Is Emotional Abuse About To Be Criminalised? Let’s Hope So

Theresa May announces drive to protect women from emotional abuse in relationships.

Tough new measures have today been proposed by Home Secretary Theresa May who has called for a government consultation to strengthen the law and protect victims of psychological domestic abuse. Given that police receive a call reporting domestic abuse every minute, we think it’s about time too.

Currently, emotional abuse and controlling behaviour in relationships – such as withholding money, limiting freedom, cutting partners off from friends, or threats of violence – is not treated as a criminal offence. But it’s about time this changed. Which is exactly why Theresa May is rallying for a new law to protect victims.

‘Domestic abuse is a brutal reality for thousands of victims up and down the UK whose lives are shattered by the people closest to them,’ said the Home Secretary. ‘The government is clear that abuse is not just physical. Victims who are subjected to a living hell by their partners must have the confidence to come forward. Meanwhile, I want perpetrators to be in no doubt that their cruel and controlling behaviour is criminal.’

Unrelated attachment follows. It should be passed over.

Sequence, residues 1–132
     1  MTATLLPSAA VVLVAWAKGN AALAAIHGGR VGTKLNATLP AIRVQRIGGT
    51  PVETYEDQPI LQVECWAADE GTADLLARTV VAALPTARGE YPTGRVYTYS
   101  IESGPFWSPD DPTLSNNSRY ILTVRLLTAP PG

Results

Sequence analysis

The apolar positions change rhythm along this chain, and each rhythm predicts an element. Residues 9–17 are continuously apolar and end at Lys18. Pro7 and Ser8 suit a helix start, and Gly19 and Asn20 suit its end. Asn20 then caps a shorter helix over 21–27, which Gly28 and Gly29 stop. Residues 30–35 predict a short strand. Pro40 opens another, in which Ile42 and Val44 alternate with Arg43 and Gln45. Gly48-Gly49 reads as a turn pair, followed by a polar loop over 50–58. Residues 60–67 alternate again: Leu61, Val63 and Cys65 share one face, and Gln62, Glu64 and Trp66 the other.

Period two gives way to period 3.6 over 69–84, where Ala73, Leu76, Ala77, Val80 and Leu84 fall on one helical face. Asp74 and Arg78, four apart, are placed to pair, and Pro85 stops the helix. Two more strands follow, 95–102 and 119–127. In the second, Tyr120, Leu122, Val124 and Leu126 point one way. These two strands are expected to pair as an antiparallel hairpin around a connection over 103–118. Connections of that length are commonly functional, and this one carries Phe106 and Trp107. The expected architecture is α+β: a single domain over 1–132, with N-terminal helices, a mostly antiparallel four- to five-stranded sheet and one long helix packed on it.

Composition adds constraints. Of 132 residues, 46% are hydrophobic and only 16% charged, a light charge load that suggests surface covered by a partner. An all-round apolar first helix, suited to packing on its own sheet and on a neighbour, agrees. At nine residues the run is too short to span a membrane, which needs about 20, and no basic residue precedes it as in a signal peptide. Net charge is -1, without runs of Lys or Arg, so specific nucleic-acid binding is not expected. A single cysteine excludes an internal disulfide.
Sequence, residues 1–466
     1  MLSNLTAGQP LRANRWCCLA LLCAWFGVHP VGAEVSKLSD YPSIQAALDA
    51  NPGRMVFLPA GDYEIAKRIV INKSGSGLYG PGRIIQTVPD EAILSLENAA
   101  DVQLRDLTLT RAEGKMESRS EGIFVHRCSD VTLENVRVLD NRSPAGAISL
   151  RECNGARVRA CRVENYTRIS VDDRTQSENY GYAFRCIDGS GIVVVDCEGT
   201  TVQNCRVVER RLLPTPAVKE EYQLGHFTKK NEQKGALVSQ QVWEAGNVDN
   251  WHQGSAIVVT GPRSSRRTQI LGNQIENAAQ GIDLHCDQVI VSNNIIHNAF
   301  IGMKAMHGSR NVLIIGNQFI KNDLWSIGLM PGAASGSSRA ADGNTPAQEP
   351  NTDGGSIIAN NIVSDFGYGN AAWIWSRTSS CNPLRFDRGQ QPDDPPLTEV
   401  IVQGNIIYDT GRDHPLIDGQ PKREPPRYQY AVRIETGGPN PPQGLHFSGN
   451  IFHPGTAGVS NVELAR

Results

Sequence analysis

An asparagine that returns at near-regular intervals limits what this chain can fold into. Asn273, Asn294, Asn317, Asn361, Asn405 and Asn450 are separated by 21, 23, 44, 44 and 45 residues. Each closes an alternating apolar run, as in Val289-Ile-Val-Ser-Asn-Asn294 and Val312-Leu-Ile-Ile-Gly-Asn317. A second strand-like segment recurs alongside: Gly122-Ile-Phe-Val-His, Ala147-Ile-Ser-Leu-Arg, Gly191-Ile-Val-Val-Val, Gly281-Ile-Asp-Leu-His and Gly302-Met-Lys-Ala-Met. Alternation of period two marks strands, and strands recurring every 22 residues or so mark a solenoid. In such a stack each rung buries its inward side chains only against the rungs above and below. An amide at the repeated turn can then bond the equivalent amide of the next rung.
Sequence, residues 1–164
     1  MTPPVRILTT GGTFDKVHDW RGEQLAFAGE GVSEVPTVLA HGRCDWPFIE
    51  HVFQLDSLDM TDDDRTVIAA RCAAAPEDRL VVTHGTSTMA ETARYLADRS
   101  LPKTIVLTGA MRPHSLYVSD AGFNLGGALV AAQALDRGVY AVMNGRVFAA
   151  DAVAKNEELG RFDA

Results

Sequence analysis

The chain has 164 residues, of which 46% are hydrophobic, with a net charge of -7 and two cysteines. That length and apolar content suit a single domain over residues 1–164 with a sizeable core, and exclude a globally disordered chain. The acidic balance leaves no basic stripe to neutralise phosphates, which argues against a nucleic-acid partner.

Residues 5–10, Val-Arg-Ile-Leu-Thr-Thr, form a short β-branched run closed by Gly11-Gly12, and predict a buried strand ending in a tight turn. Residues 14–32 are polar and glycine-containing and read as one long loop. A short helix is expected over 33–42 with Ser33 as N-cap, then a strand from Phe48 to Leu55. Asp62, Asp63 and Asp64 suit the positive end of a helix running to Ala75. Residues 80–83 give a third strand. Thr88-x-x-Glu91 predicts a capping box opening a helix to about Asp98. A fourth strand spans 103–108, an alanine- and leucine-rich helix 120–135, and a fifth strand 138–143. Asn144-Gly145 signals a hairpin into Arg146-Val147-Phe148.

The government already classifies non-violent behaviour, such as humiliation, intimidation or acts that are used to harm, punish or frighten the victim, as domestic abuse. But under existing laws, such behaviour falls under stalking and harassment legislation whereas it needs desperately to be applied to relationships or risk forever being a grey area for the women at risk from violent partners. Consider for a second that the rise in violent domestic assaults is still soaring, yet in 68 per cent of cases, violent partners escape with little more than a telling off. That’s not good enough, frankly.
 
The Home Secretary’s welcome announcement follows the introduction earlier this year of Domestic Violence Protection Orders issued to perpetrators, preventing them from returning to the marital home for up to 28 days, and giving the victim space to consider his or her options.

As part of the government’s ongoing work to provide better support for victims, this is a big step in the right direction, according to Polly Neate, Chief Exec of Women’s Aid: ‘We welcome the Home Office’s proposal to consult on the criminalisation of coercive control and psychological abuse,’ she said. ‘Two women a week are killed by domestic violence, and in our experience of working with survivors, coercive controlling behaviour is at the heart of the most dangerous abuse.’

For help and advice on matters related to domestic abuse, contact the National Domestic Violence Helpline on 0808 2000 247; Broken Rainbow on 0300 999 5428 (for LGBT people); or Respect on 0808 802 4040 (for domestic violence perpetrators).

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